• Not_So_Dumb Jun 1, 2011

    whatelseisnew, you are correct, but only in theory. The fact is that education remains the best way out of poverty. Those in poverty need education more than others. Furthermore, children of poverty start school at a lower level.

    Again, you are right in theory, but that isn't how it works unfortunately. Me, I'd rather spend an extra $1,000 on education per child of poverty for 18 years than whatever the cost is over the rest of their life for social services, higher likelihood of crime, etc. That doesn't just apply to children of poverty, but the data shows it applies to them to a greater extent. Smart money plays the percentages.

    I am pragmatist. Ounce of prevention over a pound of cure. Education is the best prevention we know of. If you want to close your eyes to the facts and instead of paying a little now, opt to pay a lot later, you and I will never agree.

  • whatelseisnew Jun 1, 2011

    "Top system for whom? Not those that need eduction the most. Go on NC DPI's website and look at the trends. See how ED kids in WCPSS have been falling behind the (pathetically, tragically low) state average for the same demographic."

    Really, so according to you some people are more in need of education than others. So gee, let's save some money. Identify just those that especially "NEED" education and tell the others to get education from somewhere else on their own money. Here is the deal. We should not even be measuring "GAPS". The opportunity is provided, either you make good use of it or you do not. What we need to make sure of is that we are providing the BEST possible Opportunity and put away the race cards and the other excuses that constantly surface.

  • whatelseisnew Jun 1, 2011

    This guy is a classic example of who should not be on the school board. He is too buried in the trash heap of the system from whence he came. The traditional public school system needs to be replaced. we should no longer be building and paying to operating schools. The State should provide vouchers and help people get out of a dying public system.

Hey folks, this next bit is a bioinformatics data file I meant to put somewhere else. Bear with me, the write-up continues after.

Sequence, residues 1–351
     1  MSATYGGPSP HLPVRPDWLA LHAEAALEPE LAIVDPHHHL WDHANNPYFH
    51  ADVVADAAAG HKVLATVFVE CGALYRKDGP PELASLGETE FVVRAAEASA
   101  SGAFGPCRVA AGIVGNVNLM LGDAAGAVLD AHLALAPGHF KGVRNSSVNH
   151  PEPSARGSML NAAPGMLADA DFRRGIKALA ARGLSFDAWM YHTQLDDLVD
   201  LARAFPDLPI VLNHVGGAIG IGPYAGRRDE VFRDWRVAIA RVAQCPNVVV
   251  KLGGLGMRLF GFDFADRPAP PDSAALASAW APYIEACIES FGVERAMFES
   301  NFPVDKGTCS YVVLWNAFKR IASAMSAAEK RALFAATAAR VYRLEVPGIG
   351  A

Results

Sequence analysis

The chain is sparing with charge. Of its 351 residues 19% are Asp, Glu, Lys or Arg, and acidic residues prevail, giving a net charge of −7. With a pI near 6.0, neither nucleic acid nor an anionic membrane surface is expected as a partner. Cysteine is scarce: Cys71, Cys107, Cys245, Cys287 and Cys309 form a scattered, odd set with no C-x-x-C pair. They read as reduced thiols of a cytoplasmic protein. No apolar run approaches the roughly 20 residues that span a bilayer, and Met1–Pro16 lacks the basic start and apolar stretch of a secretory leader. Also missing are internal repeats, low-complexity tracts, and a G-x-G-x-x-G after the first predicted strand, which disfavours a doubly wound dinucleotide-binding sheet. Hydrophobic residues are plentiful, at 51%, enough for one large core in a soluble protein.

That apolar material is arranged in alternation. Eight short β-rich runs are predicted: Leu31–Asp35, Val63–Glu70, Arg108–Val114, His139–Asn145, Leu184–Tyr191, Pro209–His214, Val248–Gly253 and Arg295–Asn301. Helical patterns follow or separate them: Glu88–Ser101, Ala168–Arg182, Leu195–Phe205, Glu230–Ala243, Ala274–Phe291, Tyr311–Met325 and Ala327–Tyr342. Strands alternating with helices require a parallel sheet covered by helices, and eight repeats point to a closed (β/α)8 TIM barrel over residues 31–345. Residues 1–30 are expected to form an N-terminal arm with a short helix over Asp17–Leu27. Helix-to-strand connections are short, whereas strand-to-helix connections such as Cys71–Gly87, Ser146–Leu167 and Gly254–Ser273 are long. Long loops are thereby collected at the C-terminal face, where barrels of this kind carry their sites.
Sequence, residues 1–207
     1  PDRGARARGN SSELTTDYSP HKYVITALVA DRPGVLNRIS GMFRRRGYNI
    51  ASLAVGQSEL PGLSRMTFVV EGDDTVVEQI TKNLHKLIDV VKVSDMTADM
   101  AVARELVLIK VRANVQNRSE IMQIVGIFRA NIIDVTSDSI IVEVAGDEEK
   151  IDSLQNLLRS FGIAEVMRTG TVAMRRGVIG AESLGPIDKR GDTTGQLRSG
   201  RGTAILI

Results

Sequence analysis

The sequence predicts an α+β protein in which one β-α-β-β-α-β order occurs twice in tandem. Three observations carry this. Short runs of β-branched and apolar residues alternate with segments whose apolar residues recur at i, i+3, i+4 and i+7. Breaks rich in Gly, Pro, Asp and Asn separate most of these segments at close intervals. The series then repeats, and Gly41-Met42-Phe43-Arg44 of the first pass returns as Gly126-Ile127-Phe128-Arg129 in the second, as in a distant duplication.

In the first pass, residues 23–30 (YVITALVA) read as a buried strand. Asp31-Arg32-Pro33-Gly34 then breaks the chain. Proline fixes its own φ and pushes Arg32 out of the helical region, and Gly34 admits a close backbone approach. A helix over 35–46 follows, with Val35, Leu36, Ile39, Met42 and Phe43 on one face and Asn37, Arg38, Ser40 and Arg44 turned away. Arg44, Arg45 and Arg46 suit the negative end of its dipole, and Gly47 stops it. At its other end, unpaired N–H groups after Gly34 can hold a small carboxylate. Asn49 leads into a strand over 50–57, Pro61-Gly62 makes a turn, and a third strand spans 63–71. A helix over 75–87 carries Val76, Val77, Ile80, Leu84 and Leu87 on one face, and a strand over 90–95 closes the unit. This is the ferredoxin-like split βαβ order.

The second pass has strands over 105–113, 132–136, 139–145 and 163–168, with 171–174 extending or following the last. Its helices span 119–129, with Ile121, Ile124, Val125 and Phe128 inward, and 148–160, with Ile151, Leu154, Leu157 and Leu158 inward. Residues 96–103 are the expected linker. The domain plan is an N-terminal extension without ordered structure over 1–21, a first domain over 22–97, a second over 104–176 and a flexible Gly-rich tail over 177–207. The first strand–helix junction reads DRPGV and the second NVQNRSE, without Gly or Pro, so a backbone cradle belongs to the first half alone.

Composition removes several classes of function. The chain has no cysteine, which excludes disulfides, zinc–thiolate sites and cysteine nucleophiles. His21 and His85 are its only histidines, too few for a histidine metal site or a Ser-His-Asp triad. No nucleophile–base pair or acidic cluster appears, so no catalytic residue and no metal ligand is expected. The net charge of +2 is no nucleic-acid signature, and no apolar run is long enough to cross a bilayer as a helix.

• Not_So_Dumb Jun 1, 2011

    "Yep they are wrecking a top schools system"

    Top system for whom? Not those that need eduction the most. Go on NC DPI's website and look at the trends. See how ED kids in WCPSS have been falling behind the (pathetically, tragically low) state average for the same demographic.

  • Not_So_Dumb Jun 1, 2011

    Over the past ten years, WCPSS achievement gap has widened. Ten years ago, our at risk population scored higher than the same population statewide on the ABCs. Now, that population is below the state average, yet the low-risk population has not seen a similar decline.

    When the system kicks out at-risk kids from schools that get more money (magnet) and against the conclusions of its own research seeks to disperse LEP children in different schools rather than keep them located where the resources needed can be developed, this is an inevitable outcome.

    The previous policy was nothing more than a triumph for big corporate money. They got accolades, good publicity, to say "there are no bad schools in Wake", and claim low taxes. Who cares that the people in need are getting left behind, right?

    Think about it. The left got hoodwinked.

  • haggis basher Jun 1, 2011

    "Just what is incorporated in the new plan that addresses achievment?"

    [sarcasm font on] well I'm sure all the ghetto sink schools will see great changes in achievement as will the fancy schools in the suburbs once they don't have to get Poor all over them....[sarcasm font off]"All I have seen or heard is just moving a student closer to their home."

    Yep they are wrecking a top schools system so mummsy only has to drive 5 miles rather than 10 to take little johnny to school in her Escalade, and little johnny won't have to find out there are poor people in the world until he's much older..........